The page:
Preparing for a hurricane usually includes total panic and poor planning – a deadly combination if there ever was one.
Why do so many wait so long to buy so much? Because as humans we tend to ignore anything that we don’t want to deal with and, at best, hope we won’t even need to. Hurricanes are certainly close to the top of that “I don’t want to believe it” list. We sit in front of the TV for a week watching meteorologists forecast a monster storm on its way to our city – and what do we do? “No way!” we scream at the TV. Then suddenly reality kicks in and off we go to the gas station and the grocery store in a futile attempt to hunt and gather the vital provisions we need to make it through.
As a result, we put ourselves and our families in jeopardy – especially when it comes to food and drink.
So, what are the basic foodstuffs we should all have on hand in order to survive about one week without power? Luckily, if you do plan ahead, you have many more options than the typical bread, peanut butter, crackers, or canned beans. (Seriously … has anyone other than the cowboys of old truly resorted to eating cold canned beans? Ever?)
If you plan ahead you can not only survive but eat quite well. The real beauty with the following items is simply that they do not need to be kept cold in the tiny space you have in your cooler. The other benefit of these items is that if you do choose to put some in the cooler simply because you prefer to eat them cold, they won’t go bad when your ice runs out (and it will).
Let’s look at the items to prepare for hurricane season below.
Top on everyone’s list is apparently to find and grab about 10 cases of water. Considering most bottled water is nothing more than filtered tap water, start saving the bottles you already have and fill them with your own filtered watered. You can also add a few drops of flavor to your water for some variety.
Keep in mind that one of the more horrific aspects of losing power is the heat that builds up inside your home. Temperatures can easily climb to close to 100 degrees. Although water is vital for survival, you also need to replenish potassium and electrolytes. This is when you need something like a vitamin water or good old-fashioned Gatorade.
Sure, most cold cuts will go bad after a few hours of no refrigeration. But there are some that don’t need to be refrigerated. (Think beef jerky). Hard salami and most pepperoni is sold hanging from hooks in the butcher shop, not in the deli case. If in doubt what is safe to keep without refrigeration, ask your local butcher.
The same thing applies to many cheeses. Head to a gourmet shop that sells exotic cheeses and ask which ones you can keep on hand during a power outage. You don’t need to rely solely on Cheese Wiz anymore.
For anyone who is a military vet, these were probably the staple of your nutrition while out in the field. They have improved immensely over the years and now border on gourmet cuisine. Unlike the original ones that did contain fairly decent food but needed to be eaten cold, the new ones are packaged in material that heats itself with a simple slap on a hard surface. You don’t need to be a soldier to get them, either. They are readily available at Army surplus stores, Amazon and every “survivalist” website out there. They have a shelf life of about 25 years and have no special storage requirements.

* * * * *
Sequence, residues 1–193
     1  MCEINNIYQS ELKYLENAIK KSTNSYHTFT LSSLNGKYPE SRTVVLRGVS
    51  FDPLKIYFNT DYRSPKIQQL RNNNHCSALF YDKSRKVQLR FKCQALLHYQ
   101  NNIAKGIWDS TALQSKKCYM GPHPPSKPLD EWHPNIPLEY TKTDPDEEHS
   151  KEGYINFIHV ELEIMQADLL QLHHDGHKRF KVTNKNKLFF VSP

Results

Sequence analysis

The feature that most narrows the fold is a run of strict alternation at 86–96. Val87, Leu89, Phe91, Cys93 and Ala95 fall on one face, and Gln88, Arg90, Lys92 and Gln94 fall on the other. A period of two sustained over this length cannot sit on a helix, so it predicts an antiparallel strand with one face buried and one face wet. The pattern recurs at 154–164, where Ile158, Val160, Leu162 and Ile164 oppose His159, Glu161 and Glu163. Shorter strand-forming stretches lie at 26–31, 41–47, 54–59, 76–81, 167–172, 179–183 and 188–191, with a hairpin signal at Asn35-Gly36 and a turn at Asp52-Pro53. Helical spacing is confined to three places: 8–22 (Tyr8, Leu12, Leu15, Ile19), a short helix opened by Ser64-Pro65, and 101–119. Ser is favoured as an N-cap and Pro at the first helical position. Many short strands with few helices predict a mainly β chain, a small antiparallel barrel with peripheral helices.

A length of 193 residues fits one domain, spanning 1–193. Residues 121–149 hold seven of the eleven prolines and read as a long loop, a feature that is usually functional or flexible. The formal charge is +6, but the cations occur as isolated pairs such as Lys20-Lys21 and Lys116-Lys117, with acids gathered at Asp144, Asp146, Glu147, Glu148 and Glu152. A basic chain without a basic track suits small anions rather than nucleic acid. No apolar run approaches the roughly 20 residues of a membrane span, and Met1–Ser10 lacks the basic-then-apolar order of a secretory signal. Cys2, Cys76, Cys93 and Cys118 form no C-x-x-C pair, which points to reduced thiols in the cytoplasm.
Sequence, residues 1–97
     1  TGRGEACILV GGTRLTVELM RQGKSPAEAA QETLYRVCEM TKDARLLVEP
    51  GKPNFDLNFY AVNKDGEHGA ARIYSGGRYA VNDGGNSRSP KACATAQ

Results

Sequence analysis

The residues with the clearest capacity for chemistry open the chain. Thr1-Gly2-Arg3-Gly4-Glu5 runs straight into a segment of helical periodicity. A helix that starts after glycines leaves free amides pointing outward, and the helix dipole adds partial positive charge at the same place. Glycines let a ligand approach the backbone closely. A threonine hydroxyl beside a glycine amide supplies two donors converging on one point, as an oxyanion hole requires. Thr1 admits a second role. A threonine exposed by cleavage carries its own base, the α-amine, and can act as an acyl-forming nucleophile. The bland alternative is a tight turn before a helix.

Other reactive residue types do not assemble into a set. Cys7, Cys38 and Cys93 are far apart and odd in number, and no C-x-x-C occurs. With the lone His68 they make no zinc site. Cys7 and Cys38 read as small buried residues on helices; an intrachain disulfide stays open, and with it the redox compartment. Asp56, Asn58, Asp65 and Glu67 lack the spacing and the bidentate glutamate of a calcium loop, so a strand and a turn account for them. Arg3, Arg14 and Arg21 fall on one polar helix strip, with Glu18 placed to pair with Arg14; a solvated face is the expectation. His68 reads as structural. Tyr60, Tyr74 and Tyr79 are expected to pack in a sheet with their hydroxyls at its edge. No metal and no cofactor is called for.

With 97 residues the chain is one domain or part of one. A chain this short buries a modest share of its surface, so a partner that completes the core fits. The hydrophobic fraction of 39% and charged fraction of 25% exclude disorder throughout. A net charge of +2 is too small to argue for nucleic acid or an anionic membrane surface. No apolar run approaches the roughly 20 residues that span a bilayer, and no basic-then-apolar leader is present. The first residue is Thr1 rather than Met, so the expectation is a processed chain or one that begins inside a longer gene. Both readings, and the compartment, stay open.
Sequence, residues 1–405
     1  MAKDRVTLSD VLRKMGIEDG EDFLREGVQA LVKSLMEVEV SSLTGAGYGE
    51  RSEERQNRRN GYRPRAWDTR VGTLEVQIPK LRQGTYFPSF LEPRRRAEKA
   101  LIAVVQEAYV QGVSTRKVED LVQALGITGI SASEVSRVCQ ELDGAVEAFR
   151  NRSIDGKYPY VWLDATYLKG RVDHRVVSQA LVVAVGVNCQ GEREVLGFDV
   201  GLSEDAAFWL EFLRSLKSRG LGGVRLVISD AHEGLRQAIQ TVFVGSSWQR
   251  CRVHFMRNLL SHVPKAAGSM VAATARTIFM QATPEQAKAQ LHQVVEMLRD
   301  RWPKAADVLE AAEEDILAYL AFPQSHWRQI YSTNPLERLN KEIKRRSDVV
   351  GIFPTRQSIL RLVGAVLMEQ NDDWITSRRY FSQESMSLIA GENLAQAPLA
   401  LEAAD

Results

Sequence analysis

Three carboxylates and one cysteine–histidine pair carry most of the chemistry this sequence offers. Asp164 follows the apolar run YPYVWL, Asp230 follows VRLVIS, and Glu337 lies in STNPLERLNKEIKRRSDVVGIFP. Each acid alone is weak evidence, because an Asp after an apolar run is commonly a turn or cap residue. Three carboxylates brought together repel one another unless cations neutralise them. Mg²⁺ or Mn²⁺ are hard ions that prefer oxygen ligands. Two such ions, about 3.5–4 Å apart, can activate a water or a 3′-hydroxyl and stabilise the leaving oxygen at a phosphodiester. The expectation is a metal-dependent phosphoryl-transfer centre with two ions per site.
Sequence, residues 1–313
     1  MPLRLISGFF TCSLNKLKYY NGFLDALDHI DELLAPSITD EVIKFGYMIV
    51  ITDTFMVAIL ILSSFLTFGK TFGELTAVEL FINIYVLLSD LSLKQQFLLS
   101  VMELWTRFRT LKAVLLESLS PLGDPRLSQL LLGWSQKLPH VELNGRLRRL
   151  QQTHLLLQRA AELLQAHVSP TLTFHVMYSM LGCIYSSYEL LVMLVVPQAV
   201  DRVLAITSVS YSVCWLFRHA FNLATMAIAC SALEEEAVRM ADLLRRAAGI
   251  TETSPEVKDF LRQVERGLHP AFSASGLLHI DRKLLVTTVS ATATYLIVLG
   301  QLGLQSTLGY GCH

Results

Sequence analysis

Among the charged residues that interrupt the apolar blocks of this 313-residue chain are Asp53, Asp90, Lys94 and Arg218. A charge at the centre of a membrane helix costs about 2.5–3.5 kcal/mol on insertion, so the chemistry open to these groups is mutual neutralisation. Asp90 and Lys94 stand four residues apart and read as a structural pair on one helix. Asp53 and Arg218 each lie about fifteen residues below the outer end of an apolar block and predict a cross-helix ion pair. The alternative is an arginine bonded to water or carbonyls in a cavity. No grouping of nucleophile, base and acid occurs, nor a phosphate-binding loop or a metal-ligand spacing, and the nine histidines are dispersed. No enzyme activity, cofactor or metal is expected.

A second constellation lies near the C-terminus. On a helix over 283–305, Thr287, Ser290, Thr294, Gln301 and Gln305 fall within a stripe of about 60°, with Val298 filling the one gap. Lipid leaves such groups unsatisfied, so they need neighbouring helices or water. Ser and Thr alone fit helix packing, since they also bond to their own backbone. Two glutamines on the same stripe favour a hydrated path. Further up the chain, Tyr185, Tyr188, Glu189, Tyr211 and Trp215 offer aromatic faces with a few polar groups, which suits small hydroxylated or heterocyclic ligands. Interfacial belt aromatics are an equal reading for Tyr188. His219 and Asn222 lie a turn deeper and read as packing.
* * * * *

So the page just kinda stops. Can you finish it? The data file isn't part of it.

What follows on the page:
A jar of peanuts or a can of cashews is not only a great snack, but they also contain a wealth of nutrition that is much needed in times of mental and physical stress.
Baby carrots are sweet, don’t need refrigeration, and provide plenty of vital vitamins. Others that can easily be eaten raw include virtually anything you would add to a salad – although lettuce is not a good choice for a long shelf life without refrigeration.
Figs, dates, raisins, craisins, prunes, apricots, apples and even pears can be found in almost every grocery store. (Why not real fruit? Mainly because real fruit – aside from apples – kept out in the heat will continue to ripen and won’t last more than a few days. If you really want fruit on hand, you do need to keep it in a cooler). If you’re stocking up food for hurricane preparation, these food items will prove vital as you wait out the storm.
The single serving Dole and Del Monte fruit cups can be kept almost forever. The jarred varieties do need to be kept cold once they are opened.
GRANOLA BARS / BREAKFAST BARS:
These have been around for decades yet somehow people ignore these items when it comes time to prep for hurricanes. Read the ingredients first because some varieties are no better than a candy bar; others can literally be your sole food source for weeks without harming you.
These options will provide you with plenty of variety for nutritious and tasty choices to add to the typical boring staples we are all guilty of hoarding before each hurricane scare. You can buy well ahead of time, keep on hand, and be totally prepared without needing to panic at the last minute. You might also want to consider buying enough to share with family and neighbors who weren’t as successful in their planning strategy as you.